Snowpack and Avalanche Discussion

Cold temperatures slow settlement in the snowpack and a look at snow grains at a crown profile in the Lower Snowfields confirmed the snow that fell Monday wasn’t very rounded yet. Stability tests in that location indicated stability was good at the time, but as is usually the case with wind slabs, it is dangerous to draw conclusions from snow stability tests when the distribution of the avalanche problem varies so widely across the terrain. Today will mark another day of active weather that will create another in a complex series of wind slabs on the old icy crust that developed February 8. Wind loading is one of the red flags that signal increased avalanche risk and is all that’s necessary to keep me away from steep wind loaded terrain.

Additional Concerns

The Sherburne and Gulf of Slides ski trails are snow covered to Pinkham Notch. Please avoid walking on these ski trails without snowshoes or skis. The holes punched in the snow can persist for days and create a hazard to others.

Snow rangers and White Mountain Avalanche Education Foundation folks will be at Flatbread Pizza from 5-8:30 tonight in North Conway. An hour long Avalanche Awareness talk starts at 7pm followed by Q & A session. Got a burning question about the new forecast zones? Come join us. Proceeds of every pizza sold will support the WMAEF and our mission!

Avalanche Safety Information Study

Please contribute to the effort to improve backcountry avalanche forecasts! Researchers in Canada devised a study to better understand how we communicate the avalanche risk, and we need your help. Please fill out this survey. It will take a few minutes, but it will help us as we work on new ways to give you the most important avalanche information.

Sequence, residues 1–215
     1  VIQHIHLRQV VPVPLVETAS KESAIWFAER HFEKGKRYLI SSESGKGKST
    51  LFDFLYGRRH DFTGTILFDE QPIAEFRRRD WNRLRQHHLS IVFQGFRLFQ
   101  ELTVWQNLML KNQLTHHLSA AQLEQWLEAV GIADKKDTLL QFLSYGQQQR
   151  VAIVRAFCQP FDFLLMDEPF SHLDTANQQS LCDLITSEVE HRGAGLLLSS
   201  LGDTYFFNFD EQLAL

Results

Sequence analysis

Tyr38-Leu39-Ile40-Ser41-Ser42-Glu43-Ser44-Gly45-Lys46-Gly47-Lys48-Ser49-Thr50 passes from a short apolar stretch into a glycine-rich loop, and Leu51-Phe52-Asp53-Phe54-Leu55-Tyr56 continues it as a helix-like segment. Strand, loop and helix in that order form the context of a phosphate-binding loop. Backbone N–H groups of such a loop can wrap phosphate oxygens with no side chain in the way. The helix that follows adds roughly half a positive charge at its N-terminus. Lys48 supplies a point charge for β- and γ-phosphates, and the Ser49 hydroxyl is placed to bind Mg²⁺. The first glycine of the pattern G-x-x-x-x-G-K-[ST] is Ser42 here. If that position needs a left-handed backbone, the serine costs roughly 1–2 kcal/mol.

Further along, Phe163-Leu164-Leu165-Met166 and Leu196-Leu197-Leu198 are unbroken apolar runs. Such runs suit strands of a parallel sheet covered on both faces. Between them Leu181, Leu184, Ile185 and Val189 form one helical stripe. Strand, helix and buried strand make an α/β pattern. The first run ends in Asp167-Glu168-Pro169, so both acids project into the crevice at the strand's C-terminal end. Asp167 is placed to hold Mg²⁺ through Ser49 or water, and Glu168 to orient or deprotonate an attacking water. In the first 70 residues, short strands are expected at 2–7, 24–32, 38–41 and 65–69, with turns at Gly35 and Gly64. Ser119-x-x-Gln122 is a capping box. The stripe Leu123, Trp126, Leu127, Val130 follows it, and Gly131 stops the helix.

Snow Plot Information

Density (%)HSTTotalAir TT MaxT MinSkyPrecipComments
0 CM 20.4 MM0CM68 CM11.0 C12.0 C3.5 CObscuredNo precipitation
0 CM 0.0 MM0CM72 CM4.0 C6.0 C2.0 COvercastNo precipitation
0 CM 7.6 MM0CM80 CM1.0 C6.0 C1.0 COvercastNo precipitation
0 CM 0.8 MM0CM84 CM4.0 C10.0 C0.0 CClearNo precipitation
0 CM 0.0 MM0CM84 CM1.0 C1.5 C0.0 CFewNo precipitation

Avalanche Log and Summit Weather

Daily Observations

Thank you Mount Washington Observatory for providing daily weather data from the summit of Mount Washington.

DateMax TempMin TempTotal (SWE)24H Snow & IceWind AvgWind Fastest MileFastest Mile DirAvalanche Activity
05/18/1934 F26 F 0.06 in 0.5 in39 MPH74 MPH

300 (WNW)

05/17/1940 F28 F .22 in .05 in37 MPH81 MPH

300 (WNW)

05/16/1932 F25 F .03 in 04 in22.8 MPH40 MPH

310 (NW)

05/15/1926 F20 F .05 in .4 in32.1 MPH67 MPH

330 (NNW)

05/14/1928 F17 F .2 in 2 in19.1 MPH57 MPH

100 (E)

05/13/1928 F19 F .07 in 0.9 in34.6 MPH67 MPH

100 (E)

05/12/1931 F17 F 0 in 0 in20.5 MPH47 MPH

330 (NNW)

05/11/1932 F18 F .1 in 0 in53.6 MPH84 MPH

300 (WNW)

05/10/1944 F27 F .85 in 0 in50.1 MPH88 MPH

220 (SW)

05/09/1942 F20 F .04 in 0 in18.6 MPH44 MPH

190 (S)

05/08/1927 F18 F 0 in 0 in38.3 MPH65 MPH

330 (NNW)

05/07/1939 F26 F .54 in 0 in40 MPH66 MPH

270 (W)

Please Remember:

Safe travel in avalanche terrain requires training and experience. This forecast is just one tool to help you make your own decisions in avalanche terrain. You control your own risk by choosing where, when, and how you travel.

Avalanche danger may change when actual weather differs from the higher summits forecast.

For more information contact the US Forest Service Snow Rangers, AMC visitor services staff at the Pinkham Notch Visitor Center, or the caretakers at Hermit Lake Shelters or seasonally at the Harvard Cabin (generally December 1 through March 31). The Mount Washington Ski Patrol is also available on spring weekends.

Posted 02/21/2019 at 7:05 AM.

Frank Carus
USDA Forest Service
White Mountain National Forest